New York, N.Y.—The New York Law School Law Review has just released a symposium issue featuring articles on the nature and importance of the evolving fiduciary duty of good faith, written by leading academic experts from the United States and the United Kingdom.
The Law Review issue contains 11 articles written by speakers from a conference titled, “The Delaware Fiduciary Duty of Good Faith after Disney: Meaningful or Mickey Mouse?” held November 13, 2009 at the Law School. The conference examined the future of the duty of good faith and the duty’s impact after the Delaware Supreme Court redefined its contours in the Walt Disney litigation and in such subsequent cases as Stone v. Ritter and Lyondell Chemical Co. v. Ryan.
Between 2003 and 2006, during the final stages of the Walt Disney shareholder litigation, the Delaware courts expounded an expansive fiduciary duty of good faith for senior corporate managers. This was especially significant because corporations would be unable to exculpate directors for personal liability for breach of this duty. Since 2006, Delaware courts have redefined and substantially narrowed the duty. New York Law School Visiting Professor Peter Kostant organized the conference after speaking with Delaware Chancellor William B. Chandler III and Professor James D. Cox of Duke University School of Law.
Professor Kostant explained that from the perspective of progressive corporate law, the ability to hold senior corporate managers accountable for their activities is especially crucial. “The way the Disney opinions seemed to expand duties was exciting and very important,” Professor Kostant said. “There is no doubt that recent opinions have reduced the vitality, but unlike some who think it is a spent bullet, I believe there is still vitality in the enforceability of the duty that may lead to greater accountability.”
The Law Review issue contains a rich diversity of views that may be persuasive to courts as the doctrine continues to evolve as well as provide insights to practitioners and scholars alike. The articles address such topics as the legal basis for shifting corporate law enforcement losses back to the board of directors, the role of the duty in legal compliance and transactional practice, and the impact of the Lyondell Chemical Co. v. Ryan case. The issue also features closing comments from the symposium by Delaware Supreme Court Justice Carolyn Berger, author of the Lyondell decision. To read the issue, visit the New York Law School Law Review. The issue can also be found through LexisNexis, Westlaw, and HeinOnline at 56 N.Y.L. Sch. L. Rev. 415-682 (2010–2011).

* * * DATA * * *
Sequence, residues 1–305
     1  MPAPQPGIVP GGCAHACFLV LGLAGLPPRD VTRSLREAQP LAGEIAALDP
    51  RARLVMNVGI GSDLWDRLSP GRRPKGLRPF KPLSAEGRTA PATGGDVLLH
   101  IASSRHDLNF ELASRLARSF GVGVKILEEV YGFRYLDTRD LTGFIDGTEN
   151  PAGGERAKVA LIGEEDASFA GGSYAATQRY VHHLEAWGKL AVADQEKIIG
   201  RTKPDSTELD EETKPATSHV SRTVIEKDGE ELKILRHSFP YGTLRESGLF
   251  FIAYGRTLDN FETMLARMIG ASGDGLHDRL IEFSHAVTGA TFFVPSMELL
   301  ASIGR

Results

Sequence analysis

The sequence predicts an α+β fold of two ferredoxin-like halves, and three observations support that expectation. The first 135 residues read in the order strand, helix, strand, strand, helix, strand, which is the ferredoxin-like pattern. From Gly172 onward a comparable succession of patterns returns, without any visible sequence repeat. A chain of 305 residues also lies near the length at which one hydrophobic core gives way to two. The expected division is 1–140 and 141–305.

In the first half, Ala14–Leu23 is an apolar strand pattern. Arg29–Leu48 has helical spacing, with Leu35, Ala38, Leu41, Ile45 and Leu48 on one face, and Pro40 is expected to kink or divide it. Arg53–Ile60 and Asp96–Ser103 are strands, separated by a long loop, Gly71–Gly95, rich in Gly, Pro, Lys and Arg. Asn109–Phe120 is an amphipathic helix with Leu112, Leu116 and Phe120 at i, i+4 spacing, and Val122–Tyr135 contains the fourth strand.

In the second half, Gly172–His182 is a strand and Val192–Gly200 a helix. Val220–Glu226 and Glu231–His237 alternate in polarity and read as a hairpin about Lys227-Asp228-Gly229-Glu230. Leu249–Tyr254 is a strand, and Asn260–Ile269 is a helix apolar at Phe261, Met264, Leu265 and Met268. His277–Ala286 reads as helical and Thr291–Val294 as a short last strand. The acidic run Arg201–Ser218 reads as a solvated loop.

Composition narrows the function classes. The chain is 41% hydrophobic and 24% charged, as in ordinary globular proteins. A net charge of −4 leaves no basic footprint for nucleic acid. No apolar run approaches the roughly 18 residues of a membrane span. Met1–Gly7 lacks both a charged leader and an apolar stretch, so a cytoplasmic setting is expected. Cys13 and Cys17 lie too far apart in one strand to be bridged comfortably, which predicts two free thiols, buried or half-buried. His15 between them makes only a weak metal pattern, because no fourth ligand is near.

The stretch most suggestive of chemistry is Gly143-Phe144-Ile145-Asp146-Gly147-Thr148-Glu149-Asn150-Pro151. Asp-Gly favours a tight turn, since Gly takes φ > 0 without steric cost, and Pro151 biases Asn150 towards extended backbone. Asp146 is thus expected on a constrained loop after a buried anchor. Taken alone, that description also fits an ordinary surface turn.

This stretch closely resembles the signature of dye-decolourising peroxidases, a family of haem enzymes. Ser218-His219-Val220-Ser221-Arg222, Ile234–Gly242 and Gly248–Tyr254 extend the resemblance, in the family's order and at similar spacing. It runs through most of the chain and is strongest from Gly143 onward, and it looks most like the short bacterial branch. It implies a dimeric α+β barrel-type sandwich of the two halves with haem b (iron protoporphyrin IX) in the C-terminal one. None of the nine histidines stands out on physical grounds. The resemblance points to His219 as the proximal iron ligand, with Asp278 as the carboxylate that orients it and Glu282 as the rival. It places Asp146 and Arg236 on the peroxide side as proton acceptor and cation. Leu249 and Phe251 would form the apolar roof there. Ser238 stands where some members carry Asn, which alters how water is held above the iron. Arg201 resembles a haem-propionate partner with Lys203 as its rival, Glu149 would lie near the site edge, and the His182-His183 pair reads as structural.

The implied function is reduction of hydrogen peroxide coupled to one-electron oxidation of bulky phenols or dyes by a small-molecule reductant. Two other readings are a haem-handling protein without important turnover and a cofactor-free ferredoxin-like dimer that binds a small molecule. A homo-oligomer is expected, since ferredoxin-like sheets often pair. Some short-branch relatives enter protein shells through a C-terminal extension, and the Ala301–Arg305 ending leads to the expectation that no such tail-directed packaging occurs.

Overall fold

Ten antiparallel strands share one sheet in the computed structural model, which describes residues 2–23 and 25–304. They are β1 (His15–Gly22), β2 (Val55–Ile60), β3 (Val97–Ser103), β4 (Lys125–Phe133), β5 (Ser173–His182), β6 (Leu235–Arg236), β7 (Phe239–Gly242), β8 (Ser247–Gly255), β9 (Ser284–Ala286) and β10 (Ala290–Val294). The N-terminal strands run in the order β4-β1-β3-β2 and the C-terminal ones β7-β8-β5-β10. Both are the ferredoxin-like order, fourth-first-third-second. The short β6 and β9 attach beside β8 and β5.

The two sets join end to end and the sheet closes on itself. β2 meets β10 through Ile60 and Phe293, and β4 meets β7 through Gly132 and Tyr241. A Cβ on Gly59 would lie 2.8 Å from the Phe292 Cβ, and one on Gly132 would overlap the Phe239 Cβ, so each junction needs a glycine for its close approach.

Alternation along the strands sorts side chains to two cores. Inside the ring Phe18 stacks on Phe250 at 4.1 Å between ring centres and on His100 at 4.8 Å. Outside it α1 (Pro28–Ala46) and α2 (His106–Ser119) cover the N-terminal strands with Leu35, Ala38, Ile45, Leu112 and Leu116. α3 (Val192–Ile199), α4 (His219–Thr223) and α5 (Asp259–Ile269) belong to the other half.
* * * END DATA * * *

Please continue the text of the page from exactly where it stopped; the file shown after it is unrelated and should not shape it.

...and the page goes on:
For more information and to view full text of the articles, visit the New York Law School Law Review.
About New York Law
Founded in 1891, New York Law School is an independent law school located in lower Manhattan near the city’s centers of law, government, and finance. New York Law School’s renowned faculty of prolific scholars has built the School’s strength in such areas as constitutional law, civil and human rights, labor and employment law, media and information law, urban legal studies, international and comparative law, and a number of interdisciplinary fields. The School is noted for its nine academic centers: Center on Business Law & Policy, Center on Financial Services Law, Center for International Law, Center for New York City Law, Center for Professional Values and Practice, Center for Real Estate Studies, Diane Abbey Law Center for Children and Families, Institute for Information Law & Policy, and Justice Action Center. New York Law School has more than 13,000 graduates and enrolls some 1,500 students in its full- and part-time J.D. program and its four advanced degree programs in financial services law, real estate, tax, and mental disability law studies. www.nyls.edu